Nutritionist Tip: you can be B12 deficient even if eating an animal-based diet. As discussed above, having high enough levels of HCl (stomach acid) and intrinsic factor are necessary for absorption.
As we mentioned vegan D3 above, let's discuss it next! No matter our dietary choices, all of us, especially those who live in Canada, are at risk for vitamin D deficiency. Why? We lack SUNSHINE! Vitamin D, the sunshine vitamin, is a supplement for which I recommend testing your levels before supplementing. Unlike B12 where the excess is excreted, vitamin D3 is fat-soluble (along with vitamin A, D, E, and K) and is stored in the body. This means it can pose a greater risk for toxicity than water-soluble vitamins when consumed in excess. A vitamin D test is a simple blood test; just ask your doctor!
Vitamin D is essential for many functions in the body, such as calcium and phosphorus absorption and bone and teeth health. Vitamin D is also needed for the nervous system, heart health, normal blood clotting, immune health, and mental health and can help decrease auto-immune activity. RDA varies for age but is about 600 IU daily. Remember, this is the body's minimum amount; depending on your levels, health concerns, and more, this amount will change. Herbaland's Vegan D3 and B12 contain 1000 IU per gummy; this is a safe amount to take without knowing your levels for most individuals. As always, ask your health practitioner for individual references.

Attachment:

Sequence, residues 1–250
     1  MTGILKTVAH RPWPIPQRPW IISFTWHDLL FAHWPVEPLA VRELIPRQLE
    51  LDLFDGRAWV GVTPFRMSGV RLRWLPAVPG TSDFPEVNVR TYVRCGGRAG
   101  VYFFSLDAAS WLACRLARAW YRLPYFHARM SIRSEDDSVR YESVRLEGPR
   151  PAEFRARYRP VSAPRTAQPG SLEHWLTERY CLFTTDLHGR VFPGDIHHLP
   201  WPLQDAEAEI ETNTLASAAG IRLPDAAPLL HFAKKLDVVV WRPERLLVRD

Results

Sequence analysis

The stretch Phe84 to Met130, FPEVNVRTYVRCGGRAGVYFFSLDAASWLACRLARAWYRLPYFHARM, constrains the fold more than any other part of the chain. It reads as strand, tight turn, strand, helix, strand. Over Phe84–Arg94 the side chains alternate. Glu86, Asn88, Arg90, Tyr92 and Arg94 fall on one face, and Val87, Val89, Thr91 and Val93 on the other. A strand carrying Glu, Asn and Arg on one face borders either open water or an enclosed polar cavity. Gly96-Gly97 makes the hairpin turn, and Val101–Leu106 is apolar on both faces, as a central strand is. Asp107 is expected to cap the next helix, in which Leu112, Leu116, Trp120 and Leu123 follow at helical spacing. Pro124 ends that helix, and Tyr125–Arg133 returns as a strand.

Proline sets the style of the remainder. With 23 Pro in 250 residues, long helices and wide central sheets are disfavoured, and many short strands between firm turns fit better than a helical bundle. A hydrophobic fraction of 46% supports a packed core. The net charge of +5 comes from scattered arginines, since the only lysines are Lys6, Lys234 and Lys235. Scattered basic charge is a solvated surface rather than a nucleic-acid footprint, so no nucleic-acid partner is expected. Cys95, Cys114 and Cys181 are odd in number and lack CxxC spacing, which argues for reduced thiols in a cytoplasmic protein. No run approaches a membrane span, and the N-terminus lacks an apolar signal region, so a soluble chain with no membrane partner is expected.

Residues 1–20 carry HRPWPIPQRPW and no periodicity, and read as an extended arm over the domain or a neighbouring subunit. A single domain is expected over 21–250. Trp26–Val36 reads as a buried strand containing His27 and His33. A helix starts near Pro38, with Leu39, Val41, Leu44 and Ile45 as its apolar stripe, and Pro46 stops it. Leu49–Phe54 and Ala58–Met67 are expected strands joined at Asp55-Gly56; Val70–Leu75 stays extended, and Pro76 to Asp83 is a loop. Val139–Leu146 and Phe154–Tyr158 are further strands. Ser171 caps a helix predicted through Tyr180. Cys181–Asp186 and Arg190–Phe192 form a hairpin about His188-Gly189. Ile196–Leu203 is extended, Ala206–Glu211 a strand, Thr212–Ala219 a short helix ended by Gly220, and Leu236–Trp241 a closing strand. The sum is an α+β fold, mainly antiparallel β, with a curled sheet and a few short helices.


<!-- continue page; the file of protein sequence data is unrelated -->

Why am I including Vitamin D in this blog if it is not just vegans that can be deficient? Most vitamin D supplements are made from the wool of sheep. A vegan will want something other than this type of Vitamin D3; luckily, other sources are vegan-friendly. Herbaland's Vegan D3 uses lichen, a kind of plant. The cool thing about the lichen plant is they need to protect themselves from the sun's damaging rays, so they produce D3 to do this!
Omega-3 is another essential nutrient that can be harder to absorb when consuming a vegan diet. Omega-3 fatty acids are considered good fats; they help lower inflammation in the body, keep triglyceride levels in check and protect against heart disease. Symptoms of low omega-3 can range from mood disorders like irritability, attention and concentration issues, dry skin and hair, fatigue, joint pain, and more. Adults benefit from 1-2 grams of Omega 3 daily. Omega-3 "starts" as alpha-linolenic acid (ALA), and the body converts it to bio-available forms of eicosapentaenoic acid (EPA) and docosahexaenoic acid (DHA). Many plants contain ALA (flax, walnuts, chia seeds, and more), but how well your body converts it to the active form of EPA and DHA can be determined by genetics.